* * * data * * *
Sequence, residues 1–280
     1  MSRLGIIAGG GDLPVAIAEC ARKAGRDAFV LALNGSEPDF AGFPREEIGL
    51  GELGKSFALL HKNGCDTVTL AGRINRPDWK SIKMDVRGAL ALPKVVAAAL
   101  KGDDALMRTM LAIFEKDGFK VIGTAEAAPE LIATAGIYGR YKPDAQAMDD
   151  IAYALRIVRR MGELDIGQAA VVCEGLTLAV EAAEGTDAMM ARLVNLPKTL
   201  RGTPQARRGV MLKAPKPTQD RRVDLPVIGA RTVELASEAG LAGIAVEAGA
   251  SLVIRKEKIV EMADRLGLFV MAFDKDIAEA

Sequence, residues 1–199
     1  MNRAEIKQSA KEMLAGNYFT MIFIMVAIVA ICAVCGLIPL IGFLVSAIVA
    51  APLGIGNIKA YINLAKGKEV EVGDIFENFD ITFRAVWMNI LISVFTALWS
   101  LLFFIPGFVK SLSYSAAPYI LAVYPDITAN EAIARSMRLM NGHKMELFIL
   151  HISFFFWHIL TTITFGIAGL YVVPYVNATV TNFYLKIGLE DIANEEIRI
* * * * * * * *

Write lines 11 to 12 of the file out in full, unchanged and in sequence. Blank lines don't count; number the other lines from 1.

   101  LLFFIPGFVK SLSYSAAPYI LAVYPDITAN EAIARSMRLM NGHKMELFIL
   151  HISFFFWHIL TTITFGIAGL YVVPYVNATV TNFYLKIGLE DIANEEIRI